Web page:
We will review the perverse outcomes occurring through biodiversity offsetting and put in place best practice offsetting that includes no go zones, like for like and improvement principles into the rules for this practice.
Labor will take on board the recent Hawkesbury shelf bioregion assessment to move towards the establishment of the Sydney Marine Park.
And we will ban single use plastic bags and look at further measures to reduce plastic pollution.
When it comes to the Regional Forest Agreements, Labor will not sign off on a roll over, without a full scientific assessment of the outcomes of the previous agreements with an additional focus on the role that forests play in carbon storage and water quality.
Labor supports a moratorium on Coal Seam Gas, including in the Pillaga.
Labor will have a climate change plan that charts a path of how NSW will work to meet the Paris climate agreement.
We will rapidly promote the installation and uptake of renewable energy.
When it comes to planning, we will put the environment back into the planning process, we will protect urban bushland and our tree canopy and we will abandon planning instruments such as priority precincts that are designed to circumvent environmental protections.
Labor will establish the Great Koala National Park and look for immediate expansion of protection for core koala habitat across the state. We will ensure that infrastructure projects take into account the needs of koala populations.
Labor will update the National Parks Establishment Plan and again put in place an agenda for the expansion of national parks as part of NSW’s commitment to biodiversity protection and restoration.
Labor will restore the recently weakened neutral or beneficial test for assessment and protection of Sydney’s water catchment as a result of new developments and proposed mine expansions.
These are just a few of the policies that Labor that make up our environmental policy.
There is not time to go into detail today but in the next 12 months, I invite you and your organisations to help Labor to fill in more of the details of the policies I have just outlined, as well as suggesting others.
A list of policies is fine, but ultimately irrelevant if Labor does not win the support of the community for them to help us form government in 2019 so we can implement them.
When it comes to the environment, the current political landscape in NSW is difficult to predict and challenging to work in. In the next 17 months that is not going to change.
Where there have always been members of the Liberal party who understand and care about the environment, in this current government – beyond the Member for Pittwater Rob Stokes – there are few voices for the environment that Labor can find or work with in the coalition.
Without a willingness to work together on some of these issues, the environmental damage will continue unabated.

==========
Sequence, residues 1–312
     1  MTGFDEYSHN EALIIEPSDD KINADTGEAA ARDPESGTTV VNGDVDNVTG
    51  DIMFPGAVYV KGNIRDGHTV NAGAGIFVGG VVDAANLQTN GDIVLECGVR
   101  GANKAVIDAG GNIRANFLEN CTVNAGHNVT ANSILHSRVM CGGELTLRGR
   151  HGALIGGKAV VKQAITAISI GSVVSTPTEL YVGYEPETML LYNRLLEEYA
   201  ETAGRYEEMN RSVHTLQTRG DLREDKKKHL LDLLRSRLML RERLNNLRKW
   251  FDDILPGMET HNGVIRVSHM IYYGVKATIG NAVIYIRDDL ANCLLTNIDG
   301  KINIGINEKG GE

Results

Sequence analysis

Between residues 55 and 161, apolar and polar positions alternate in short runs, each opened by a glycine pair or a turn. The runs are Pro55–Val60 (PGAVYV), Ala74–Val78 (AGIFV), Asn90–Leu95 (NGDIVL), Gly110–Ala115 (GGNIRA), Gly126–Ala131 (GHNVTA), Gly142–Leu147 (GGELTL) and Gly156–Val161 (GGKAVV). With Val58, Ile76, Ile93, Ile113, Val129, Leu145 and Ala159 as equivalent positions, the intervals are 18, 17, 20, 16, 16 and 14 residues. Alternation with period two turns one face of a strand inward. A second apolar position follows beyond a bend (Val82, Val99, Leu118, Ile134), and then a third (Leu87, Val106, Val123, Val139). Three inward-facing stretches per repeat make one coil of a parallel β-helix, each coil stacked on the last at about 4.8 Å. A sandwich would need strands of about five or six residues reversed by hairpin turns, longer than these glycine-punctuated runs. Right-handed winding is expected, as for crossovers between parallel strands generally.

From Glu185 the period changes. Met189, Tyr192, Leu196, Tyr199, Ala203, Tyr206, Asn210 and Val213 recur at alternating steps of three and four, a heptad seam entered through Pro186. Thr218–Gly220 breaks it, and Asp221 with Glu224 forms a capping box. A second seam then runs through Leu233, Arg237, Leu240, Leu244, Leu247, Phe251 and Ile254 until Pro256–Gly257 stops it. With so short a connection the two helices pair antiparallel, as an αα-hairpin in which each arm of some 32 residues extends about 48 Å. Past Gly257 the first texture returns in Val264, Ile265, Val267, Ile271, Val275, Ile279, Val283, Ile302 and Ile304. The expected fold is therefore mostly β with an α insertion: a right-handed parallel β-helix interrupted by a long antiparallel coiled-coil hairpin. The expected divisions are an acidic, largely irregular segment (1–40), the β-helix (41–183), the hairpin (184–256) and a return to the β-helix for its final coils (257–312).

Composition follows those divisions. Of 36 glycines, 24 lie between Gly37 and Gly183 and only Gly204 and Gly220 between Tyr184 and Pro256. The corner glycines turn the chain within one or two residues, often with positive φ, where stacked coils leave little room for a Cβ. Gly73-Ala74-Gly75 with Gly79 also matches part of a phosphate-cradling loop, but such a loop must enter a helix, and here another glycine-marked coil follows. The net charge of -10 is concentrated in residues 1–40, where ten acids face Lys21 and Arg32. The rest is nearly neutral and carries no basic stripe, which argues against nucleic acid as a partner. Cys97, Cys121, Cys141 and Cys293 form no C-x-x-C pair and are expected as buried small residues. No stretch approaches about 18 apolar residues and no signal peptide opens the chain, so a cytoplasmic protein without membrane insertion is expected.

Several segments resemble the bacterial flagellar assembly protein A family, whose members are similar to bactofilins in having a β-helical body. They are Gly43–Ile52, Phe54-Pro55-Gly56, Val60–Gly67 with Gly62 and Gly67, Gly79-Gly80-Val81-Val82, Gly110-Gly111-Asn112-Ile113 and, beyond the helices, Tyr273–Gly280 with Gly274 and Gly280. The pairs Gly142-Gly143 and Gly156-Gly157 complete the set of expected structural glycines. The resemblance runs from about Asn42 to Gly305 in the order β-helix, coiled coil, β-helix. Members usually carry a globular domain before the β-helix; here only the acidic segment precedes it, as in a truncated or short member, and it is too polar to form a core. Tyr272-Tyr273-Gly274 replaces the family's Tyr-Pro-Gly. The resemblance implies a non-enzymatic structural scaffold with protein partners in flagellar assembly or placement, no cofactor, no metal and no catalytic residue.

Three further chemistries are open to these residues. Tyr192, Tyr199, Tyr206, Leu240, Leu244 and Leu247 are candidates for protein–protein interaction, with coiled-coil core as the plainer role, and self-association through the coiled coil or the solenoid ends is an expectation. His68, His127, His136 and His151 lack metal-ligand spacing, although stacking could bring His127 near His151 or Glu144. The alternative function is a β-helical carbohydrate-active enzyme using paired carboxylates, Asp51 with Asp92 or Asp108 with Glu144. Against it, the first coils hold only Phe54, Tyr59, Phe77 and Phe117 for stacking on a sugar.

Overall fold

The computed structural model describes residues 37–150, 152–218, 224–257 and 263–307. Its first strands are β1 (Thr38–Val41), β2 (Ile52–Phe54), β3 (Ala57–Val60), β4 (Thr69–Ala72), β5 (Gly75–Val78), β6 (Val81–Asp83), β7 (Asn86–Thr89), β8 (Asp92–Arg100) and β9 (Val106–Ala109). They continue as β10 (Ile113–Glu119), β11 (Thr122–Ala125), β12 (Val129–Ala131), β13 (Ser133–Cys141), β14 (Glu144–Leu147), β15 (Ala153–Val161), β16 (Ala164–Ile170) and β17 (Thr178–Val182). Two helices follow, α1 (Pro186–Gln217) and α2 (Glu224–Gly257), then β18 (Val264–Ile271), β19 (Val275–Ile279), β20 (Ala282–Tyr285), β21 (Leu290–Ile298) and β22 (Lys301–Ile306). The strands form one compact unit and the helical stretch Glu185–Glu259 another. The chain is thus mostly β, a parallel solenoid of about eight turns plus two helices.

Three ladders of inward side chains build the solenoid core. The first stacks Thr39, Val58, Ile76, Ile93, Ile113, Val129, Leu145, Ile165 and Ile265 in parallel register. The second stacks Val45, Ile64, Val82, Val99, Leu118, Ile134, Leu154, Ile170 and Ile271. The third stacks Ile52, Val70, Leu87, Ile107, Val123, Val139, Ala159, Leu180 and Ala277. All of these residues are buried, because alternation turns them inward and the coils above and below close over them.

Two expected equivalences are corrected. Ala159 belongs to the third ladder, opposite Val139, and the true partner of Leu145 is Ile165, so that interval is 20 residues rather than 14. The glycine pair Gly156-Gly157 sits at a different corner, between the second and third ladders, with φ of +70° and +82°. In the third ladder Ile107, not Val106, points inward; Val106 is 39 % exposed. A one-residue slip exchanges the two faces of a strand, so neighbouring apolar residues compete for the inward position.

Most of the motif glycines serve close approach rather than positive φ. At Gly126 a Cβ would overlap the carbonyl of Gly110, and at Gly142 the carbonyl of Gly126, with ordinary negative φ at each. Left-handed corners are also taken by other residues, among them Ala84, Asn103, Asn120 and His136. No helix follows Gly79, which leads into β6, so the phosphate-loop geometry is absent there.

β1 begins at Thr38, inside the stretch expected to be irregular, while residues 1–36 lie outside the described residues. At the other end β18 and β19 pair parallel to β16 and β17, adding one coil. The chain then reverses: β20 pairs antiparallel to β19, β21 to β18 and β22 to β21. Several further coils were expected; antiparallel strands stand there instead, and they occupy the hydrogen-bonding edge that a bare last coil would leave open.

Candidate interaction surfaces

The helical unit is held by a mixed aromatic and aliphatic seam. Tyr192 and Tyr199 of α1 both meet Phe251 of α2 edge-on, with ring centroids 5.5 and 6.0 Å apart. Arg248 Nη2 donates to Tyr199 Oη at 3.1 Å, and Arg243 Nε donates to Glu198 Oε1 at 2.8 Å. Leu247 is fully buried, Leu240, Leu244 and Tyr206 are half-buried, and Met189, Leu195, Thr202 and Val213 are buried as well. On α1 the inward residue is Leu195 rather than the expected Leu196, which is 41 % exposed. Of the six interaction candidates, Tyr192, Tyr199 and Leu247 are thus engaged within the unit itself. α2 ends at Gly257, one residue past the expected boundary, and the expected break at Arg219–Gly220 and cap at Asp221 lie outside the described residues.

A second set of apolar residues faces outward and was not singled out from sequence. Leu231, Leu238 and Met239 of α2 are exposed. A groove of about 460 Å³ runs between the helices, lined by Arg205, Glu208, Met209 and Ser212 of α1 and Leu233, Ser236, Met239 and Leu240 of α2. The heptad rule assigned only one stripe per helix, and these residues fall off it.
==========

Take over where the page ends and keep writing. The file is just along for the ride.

The pressure on the Liberal National Governments is also coming from the political parties to the right of the coalition. These parties are moving into NSW. NSW already has the Shooters, Fishers and Farmers Party, Cory Bernardi’s Australian Conservatives has registered in NSW and One Nation will do so in coming weeks.
These parties of the right are putting the National Party under pressure in rural and regional seats. Pushing the National party to further extremes. As just one example, the newly elected Member for Murray will be bringing to parliament a bill to delist the Murray Valley National Park and reopen the river red gum forests to commercial logging. The Liberal Environment Minister’s response – ‘we have no plans’ – to the continual undermining of the Murray Darling Plan is another.
It is highly probable that some of these parties could win additional seats in 2019.
Labor as the party seeking seeking to stop the environmental vandalism, seeking to be a government that will make NSW a leader in environmental protection and action on climate change and will need to win 14 seats to form government in our own right.
This is a huge challenge. Seven or eight of those seats are in Sydney and seven or eight of them are in regional NSW.
The good news here is that the fight to stand up for nature and take action on climate change has broad community support.
Old groups are being revitalised and new coalitions are forming as communities across NSW demand change.
Everywhere you look there are groups making the case for the environment, standing up against the corruption of laws designed to protect the environment and putting a stop to dangerous proposals.
In the next 17 months I commit to making the case every day for nature and for action on climate change. I will also be making the case every day for a change in government as the only way to reverse the decline in our state.
I will urge the voters of New South Wales to call time for the Berejiklian/Barilaro.
New South Wales can return to being an environmental leader if the community demands change and commits to working to change a government who will not change.
What I ask of the people in this room is a willingness to keep working with Labor as we finalise our policies.
Not just working with me but with my parliamentary colleagues and our candidates.
Keep up with the campaigns you are running to bring these issues to the front of the communities attention and ask them to take action to protect the environment.
Ask them to vote for change.
The health and well-being of New South Wales is depending on it.